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Lisa Albinsson - Protistan Ecology Lab

University of Kalmar, Sweden

 

The effects of temperature on the survival and infectivity of the parasitic

dinoflagellate Amoebophrya sp.


Algal blooms are increasing all over the globe due to not only natural causes such as species dispersal but also human related causes such as increased nutrient levels in the water, global climate change and transfer of cells with ballast water.  Several mitigation methods to reduce algal blooms are today being investigated and one method suggests using parasites as a controlling agent of the harmful algal cells.

Akashiwo sanguinea is a dinoflagellate species which annually form extensive red tides in the Chesapeake Bay.  Although not known to be toxic, the species have been associated to fish kills in Japan and New Zealand, where simply the sheer amount of cells led to clogged gills and suffocation of the fish.  

Another dinoflagellate, Amoebophrya sp. is a parasite living on Akashiwo sanguinea, and results from earlier research suggest that Amoebophrya could be used as an A. sanguinea population controlling agent.  There are many factors that have to be studied before this could be conducted in a natural environment, and we still don't know how the parasite react to different levels of salinity and light. My study was focusing on another factor, temperature, which up until now never has been studied for this host parasite system.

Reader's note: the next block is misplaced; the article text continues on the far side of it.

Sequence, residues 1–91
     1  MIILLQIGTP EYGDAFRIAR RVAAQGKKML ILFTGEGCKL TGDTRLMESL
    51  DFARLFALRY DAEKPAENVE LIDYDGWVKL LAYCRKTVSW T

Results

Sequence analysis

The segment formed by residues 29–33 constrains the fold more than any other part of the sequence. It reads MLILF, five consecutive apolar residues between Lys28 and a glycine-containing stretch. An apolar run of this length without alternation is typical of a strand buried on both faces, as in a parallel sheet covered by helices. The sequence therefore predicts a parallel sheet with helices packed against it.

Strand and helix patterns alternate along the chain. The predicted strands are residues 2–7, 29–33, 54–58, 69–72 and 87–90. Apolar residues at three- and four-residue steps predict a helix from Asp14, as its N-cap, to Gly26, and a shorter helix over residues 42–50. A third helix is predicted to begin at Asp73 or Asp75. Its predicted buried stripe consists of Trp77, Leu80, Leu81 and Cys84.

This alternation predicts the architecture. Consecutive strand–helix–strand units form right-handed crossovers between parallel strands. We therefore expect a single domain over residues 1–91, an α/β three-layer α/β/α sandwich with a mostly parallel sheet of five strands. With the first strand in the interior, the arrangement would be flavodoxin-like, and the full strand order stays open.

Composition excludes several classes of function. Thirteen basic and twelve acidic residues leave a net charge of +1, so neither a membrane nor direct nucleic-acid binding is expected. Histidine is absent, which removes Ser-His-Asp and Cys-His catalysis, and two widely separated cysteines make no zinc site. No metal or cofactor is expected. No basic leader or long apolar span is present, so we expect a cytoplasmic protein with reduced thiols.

By continuously studying the changes in the host and parasitic populations within a mixed culture at different temperatures I established the optimum temperature for parasites to be around 20ºC and with a threshold temperature at 10ºC where parasites are able to survive but not infect the hosts. 

Prior to the internship at SERC I graduated with a M Sc in Biology from the University of Kalmar in Sweden and will now (Sept, 2005) move to Hobart, Australia where I will start Graduate school as a PhD student. Not only did the internship give me a lot of valuable knowledge which will be useful to me in my future line of work, but also the chance to meet great people which I will stay in contact with for a long time to come.

Funding provided by the Smithsonian Women's Committee